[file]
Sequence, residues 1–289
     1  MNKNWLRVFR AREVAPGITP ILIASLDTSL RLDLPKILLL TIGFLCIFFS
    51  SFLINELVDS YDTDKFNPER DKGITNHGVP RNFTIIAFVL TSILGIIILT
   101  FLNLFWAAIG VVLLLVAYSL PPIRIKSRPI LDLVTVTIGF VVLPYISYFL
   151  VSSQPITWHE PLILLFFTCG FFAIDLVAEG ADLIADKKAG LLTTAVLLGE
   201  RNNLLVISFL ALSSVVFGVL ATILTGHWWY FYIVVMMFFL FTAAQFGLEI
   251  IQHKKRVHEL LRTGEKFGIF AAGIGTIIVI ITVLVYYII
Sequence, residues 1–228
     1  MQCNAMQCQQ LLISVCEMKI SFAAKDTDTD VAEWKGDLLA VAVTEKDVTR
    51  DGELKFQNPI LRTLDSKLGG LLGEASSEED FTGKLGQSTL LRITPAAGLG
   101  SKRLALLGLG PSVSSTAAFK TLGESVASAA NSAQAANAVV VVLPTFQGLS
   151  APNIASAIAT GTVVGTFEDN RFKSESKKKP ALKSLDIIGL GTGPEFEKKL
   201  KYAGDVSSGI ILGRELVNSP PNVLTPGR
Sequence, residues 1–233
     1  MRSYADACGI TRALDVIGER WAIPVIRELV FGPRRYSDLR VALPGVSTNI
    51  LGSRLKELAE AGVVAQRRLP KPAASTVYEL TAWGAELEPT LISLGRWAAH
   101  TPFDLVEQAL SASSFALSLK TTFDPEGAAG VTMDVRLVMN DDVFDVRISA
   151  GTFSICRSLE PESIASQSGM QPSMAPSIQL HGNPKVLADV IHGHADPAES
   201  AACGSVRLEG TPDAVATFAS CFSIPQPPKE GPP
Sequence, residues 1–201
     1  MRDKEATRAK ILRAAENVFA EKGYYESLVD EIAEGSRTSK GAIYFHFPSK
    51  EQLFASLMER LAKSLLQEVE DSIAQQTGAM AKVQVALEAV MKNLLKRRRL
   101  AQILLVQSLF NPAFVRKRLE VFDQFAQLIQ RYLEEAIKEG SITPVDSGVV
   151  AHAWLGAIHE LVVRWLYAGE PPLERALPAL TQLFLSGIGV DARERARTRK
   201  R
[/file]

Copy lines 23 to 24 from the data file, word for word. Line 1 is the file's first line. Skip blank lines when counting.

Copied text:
   101  AQILLVQSLF NPAFVRKRLE VFDQFAQLIQ RYLEEAIKEG SITPVDSGVV
   151  AHAWLGAIHE LVVRWLYAGE PPLERALPAL TQLFLSGIGV DARERARTRK